Happy 20th birthday, Adobe Photoshop

Adobe Photoshop
Has Photoshop ruined photojournalism or made the world a better place?

Photoshop has come a long way. 20 years ago today it debuted as a basic - but still pretty amazing - image editor.

It's now pretty much impossible to find an image that hasn't benefited from its magic touch.

From whitening teeth in billboard ads to foisting yet more lolcats on the world, its influence is enormous.

Inevitably that influence has been bad as well as good. In the right hands, image manipulation can be undetectable, but all too often Photoshop falls into the hands of the overworked, the shoddy and the idiotic.

That's why you end up looking at impossible furniture, terrifying teeth, really unfortunate hand placements, Viagra-powered aeroplanes and movie posters whose stars appear to have been replaced by mannequins.

It's fun to laugh at Photoshop disasters, but of course the technology can be used for evil, too. Ralph Lauren isn't the only fashion brand distorting women's bodies to sell products; it's just one of the ones whose Photoshoppers took things too far.

Magazines routinely airbrush women into impossible shapes or weird-faced freaks, while marketers get rid of black people or make them look white.

It's been used to fake images in order to damage political careers and to make political rallies appear busier.

Ruining photojournalism?

When you take all these things together, it's pretty clear that Photoshop hasn't just revolutionised photography and illustration: it's ruined photojournalism and killed our belief that the camera never lies.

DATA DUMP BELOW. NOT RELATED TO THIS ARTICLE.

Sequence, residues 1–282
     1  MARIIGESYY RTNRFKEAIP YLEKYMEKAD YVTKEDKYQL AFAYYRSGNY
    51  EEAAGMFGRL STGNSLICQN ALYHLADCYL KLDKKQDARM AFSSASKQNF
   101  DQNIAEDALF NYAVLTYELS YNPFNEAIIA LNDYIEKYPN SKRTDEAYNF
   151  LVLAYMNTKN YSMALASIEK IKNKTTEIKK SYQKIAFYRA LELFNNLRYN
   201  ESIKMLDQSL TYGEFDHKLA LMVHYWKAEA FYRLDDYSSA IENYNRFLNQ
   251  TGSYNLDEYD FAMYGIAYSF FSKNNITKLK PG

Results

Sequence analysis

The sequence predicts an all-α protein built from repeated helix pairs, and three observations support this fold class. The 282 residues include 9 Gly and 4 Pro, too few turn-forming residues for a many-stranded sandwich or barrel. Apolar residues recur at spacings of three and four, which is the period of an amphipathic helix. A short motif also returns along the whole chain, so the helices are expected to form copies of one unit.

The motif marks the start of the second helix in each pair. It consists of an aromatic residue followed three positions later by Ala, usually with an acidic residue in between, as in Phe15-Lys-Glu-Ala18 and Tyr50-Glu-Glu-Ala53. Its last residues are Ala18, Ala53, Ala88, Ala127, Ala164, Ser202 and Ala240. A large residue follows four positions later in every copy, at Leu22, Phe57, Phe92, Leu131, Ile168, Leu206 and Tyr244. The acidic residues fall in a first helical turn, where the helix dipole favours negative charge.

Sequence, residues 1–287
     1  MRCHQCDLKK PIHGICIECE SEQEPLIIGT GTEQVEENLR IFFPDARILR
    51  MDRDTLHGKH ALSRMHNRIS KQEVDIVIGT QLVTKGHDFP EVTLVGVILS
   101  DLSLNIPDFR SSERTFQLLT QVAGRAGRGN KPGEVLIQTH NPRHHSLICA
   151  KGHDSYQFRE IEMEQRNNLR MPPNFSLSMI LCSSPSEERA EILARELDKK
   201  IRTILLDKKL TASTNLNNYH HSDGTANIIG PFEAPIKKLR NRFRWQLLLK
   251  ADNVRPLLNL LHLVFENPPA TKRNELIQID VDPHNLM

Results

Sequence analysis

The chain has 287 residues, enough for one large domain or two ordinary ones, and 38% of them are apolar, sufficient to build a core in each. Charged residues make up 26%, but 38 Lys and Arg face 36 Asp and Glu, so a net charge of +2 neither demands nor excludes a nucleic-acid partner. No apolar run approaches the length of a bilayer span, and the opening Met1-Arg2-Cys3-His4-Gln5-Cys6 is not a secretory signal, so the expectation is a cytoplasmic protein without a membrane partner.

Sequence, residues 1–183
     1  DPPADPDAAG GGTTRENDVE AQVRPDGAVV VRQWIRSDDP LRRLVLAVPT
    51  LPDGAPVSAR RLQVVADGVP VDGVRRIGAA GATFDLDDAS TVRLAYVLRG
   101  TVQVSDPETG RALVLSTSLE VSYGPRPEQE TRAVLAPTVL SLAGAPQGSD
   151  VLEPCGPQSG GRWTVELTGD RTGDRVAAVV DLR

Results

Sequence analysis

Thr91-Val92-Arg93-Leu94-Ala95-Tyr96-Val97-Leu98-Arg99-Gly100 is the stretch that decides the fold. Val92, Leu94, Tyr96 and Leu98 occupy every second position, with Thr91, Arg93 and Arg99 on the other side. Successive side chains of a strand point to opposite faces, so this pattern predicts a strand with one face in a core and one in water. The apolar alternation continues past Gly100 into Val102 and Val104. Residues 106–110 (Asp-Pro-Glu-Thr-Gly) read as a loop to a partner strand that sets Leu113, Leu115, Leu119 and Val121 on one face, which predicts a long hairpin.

Hasn't it? Perhaps not. As Hany Farid of Dartmouth College points out [PDF], "photography lost its innocence many years ago. The nearly iconic portrait of the US President Abraham Lincoln (circa 1860), for example, was a fake, and only the beginning of a long history of photographic trickery... history is riddled with photographic tampering."

As soon as images became digital, they became easier to manipulate - just as text, and music, and video have all become easier to manipulate. That's progress, not Photoshop.

In fact, there's a strong argument that Photoshop has made the world a better place. In the hands of satirists it quickly punctures politicians at their most pompous, while in the hands of the manipulators at Fark.com and B3ta.com it cracks us up laughing.

And for all we moan about unrealistic body images, surely it's better for Sarah Jessica Parker to be Photoshopped silly than to stick her unedited, Zelda-from-Terrahawks features on giant posters?

Ultimately Photoshop is just a tool - an incredibly powerful, world-changing tool, sure, but Adobe is no more responsible for the idiots who abuse it than Laslo Biro can be blamed for bad teenage poetry.

Carrie Marshall

Writer, broadcaster, musician and kitchen gadget obsessive Carrie Marshall has been writing about tech since 1998, contributing sage advice and odd opinions to all kinds of magazines and websites as well as writing more than a dozen books. Her memoir, Carrie Kills A Man, is on sale now and her next book, about pop music, is out in 2025. She is the singer in Glaswegian rock band Unquiet Mind.